Satisfied with mystery

This is another archival repost originally written for the old blog in 2008.

I am satisfied with the mystery of life’s eternity and with a knowledge, a sense, of the marvelous structure of existence – as well as the humble attempt to understand even a tiny portion of the Reason that manifests itself in nature.

– Albert Einstein, The World As I See It (1949)

Oh my. I stumbled upon this:

But we are not satisfied with answers, because there are always more questions: we are satisfied with mystery.

How appalling. Such a depressing philosophy. People celebrate such a ghastly concept? People really believe that an unknowable world would be a good one to live in?

How thoroughly appalling. Is it comforting to be incurious? Is it safe being dull? Do you declare with pride your wilful ignorance?

Of course every new answer raises new questions — questions that were always there, but which we never knew to ask. The appreciation of beautiful mysteries is (alongside the appreciation of beautiful answers) exactly what drives scientists. Science is all about the explorer surveying exotic lands, full of strange phenomena, unfamiliar languages, bizarre biota, and even the occasional monster. Science is exploration at the frontiers: it is the very definition of curiosity; something to be nurtured in every child.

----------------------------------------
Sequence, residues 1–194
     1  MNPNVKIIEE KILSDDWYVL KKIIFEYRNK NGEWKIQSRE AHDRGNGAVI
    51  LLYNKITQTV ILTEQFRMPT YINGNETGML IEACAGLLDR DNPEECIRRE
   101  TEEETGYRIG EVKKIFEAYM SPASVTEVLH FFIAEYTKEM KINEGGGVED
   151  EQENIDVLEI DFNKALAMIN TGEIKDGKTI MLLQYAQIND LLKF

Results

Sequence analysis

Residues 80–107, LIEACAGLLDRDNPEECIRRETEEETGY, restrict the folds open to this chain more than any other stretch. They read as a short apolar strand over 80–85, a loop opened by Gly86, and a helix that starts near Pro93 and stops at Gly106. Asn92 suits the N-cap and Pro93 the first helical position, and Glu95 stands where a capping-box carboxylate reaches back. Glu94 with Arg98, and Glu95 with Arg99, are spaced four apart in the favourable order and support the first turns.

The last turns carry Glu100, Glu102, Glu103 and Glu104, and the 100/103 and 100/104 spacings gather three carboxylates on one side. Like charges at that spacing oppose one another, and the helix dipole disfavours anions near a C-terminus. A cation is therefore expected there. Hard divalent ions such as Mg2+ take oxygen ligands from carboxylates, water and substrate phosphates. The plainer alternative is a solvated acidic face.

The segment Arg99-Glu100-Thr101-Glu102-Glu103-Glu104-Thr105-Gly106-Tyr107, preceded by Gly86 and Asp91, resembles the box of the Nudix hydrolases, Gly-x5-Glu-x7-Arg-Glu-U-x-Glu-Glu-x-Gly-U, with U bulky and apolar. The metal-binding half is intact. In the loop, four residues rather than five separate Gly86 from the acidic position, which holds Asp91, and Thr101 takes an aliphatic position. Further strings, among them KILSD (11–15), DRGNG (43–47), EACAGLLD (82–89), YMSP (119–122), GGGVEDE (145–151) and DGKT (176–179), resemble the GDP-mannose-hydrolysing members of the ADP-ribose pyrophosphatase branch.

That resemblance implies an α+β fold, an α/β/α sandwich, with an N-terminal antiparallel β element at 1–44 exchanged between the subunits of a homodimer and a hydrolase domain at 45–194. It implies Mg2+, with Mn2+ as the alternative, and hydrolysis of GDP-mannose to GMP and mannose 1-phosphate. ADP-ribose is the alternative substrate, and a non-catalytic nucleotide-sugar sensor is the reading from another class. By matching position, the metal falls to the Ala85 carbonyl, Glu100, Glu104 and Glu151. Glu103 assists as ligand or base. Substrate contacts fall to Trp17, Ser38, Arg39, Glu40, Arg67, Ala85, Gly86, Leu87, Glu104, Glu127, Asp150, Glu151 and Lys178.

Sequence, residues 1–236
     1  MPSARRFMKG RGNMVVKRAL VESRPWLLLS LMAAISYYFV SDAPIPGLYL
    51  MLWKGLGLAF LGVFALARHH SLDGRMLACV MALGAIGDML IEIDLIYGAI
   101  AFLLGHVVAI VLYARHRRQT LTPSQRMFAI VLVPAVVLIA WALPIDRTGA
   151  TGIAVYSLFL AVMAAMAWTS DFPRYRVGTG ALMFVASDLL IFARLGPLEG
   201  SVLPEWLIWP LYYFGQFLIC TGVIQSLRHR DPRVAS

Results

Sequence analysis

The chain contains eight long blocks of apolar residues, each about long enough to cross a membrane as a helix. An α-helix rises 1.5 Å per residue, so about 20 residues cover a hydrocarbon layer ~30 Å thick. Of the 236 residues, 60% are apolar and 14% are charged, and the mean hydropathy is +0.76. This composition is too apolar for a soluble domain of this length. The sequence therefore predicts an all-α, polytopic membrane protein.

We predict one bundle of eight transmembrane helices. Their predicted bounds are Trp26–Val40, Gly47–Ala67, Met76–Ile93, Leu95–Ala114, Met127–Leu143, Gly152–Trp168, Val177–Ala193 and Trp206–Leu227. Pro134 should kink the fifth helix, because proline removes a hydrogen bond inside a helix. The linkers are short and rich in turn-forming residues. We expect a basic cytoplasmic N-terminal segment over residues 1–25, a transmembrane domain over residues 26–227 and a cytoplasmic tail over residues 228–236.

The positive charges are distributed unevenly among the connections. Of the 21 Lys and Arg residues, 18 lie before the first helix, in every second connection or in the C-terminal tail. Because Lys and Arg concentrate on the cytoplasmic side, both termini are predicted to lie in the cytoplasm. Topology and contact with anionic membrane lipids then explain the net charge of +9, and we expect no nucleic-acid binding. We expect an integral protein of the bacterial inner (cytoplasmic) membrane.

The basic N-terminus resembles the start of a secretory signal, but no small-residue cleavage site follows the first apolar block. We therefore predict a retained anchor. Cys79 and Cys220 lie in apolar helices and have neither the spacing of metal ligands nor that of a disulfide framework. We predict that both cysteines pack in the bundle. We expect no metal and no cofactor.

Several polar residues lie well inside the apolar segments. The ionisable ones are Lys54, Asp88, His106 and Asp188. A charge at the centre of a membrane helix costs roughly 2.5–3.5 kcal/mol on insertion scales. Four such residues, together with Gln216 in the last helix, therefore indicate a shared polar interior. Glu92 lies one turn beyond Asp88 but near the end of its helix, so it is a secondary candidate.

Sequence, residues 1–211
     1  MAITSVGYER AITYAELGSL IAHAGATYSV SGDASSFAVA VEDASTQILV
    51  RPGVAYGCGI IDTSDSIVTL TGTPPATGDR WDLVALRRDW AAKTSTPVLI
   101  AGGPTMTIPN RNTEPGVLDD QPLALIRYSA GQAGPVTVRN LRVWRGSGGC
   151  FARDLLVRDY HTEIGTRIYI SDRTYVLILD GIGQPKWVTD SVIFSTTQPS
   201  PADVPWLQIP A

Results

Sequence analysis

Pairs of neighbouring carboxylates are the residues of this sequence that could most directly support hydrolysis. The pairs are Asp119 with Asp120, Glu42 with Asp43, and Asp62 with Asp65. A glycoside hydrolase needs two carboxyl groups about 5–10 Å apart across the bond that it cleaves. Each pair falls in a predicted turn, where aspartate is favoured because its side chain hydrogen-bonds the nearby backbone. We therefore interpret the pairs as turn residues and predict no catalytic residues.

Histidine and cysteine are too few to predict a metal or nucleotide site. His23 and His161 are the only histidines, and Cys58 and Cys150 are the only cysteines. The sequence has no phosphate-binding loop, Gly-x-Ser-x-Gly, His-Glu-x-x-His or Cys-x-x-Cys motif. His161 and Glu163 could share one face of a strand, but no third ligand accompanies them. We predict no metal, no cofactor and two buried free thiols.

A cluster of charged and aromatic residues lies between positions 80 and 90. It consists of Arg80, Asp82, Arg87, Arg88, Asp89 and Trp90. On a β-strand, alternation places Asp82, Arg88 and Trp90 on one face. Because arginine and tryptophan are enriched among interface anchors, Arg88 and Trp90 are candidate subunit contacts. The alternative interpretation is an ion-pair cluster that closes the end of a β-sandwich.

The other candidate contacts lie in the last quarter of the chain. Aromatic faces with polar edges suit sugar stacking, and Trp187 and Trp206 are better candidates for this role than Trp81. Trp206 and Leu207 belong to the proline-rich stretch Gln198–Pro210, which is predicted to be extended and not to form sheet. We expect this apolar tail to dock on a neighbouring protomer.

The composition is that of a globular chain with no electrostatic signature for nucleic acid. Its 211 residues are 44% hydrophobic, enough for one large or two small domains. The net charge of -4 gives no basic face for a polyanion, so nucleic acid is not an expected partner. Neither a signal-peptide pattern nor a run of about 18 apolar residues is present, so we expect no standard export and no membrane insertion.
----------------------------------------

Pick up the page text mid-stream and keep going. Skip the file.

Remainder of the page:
How absolutely appalling then, that somebody would celebrate the opposite. The child dulled; the explorer settled; the constant familiar; Einstein, satisfied just with marvelling at mystery, no interest in understanding his portion of it. Or worse — Carl Sagan’s truly unknowable and mysterious word, where events are random.

But wait one moment.

Who here is really trying to explain away mystery? Is science alone in trying to supply answers? Who is constantly trying to fill any (perceived) mysteries — lets call them gaps — that science has yet to succeed in exploring?

Oh wait, that’s right. Religion.

Religion is about being satisfied with mystery? . Religion is about being satisfied with an unsatisfactory answer.


  1. OK, confession time, the reason that I haven’t cited the source is that I’m actually being (slightly) unfair. I have taken the quote (slightly) out of context to illustrate a (slightly) different one to that which the author was trying to make. I had actually written the piece based on vague memory of an argument I heard, and Googled for something similar that I could quote, and this line was just too marvellous to not use. Plus, I would not like to feel responsible if, when you tried to read the original source, your head exploded.

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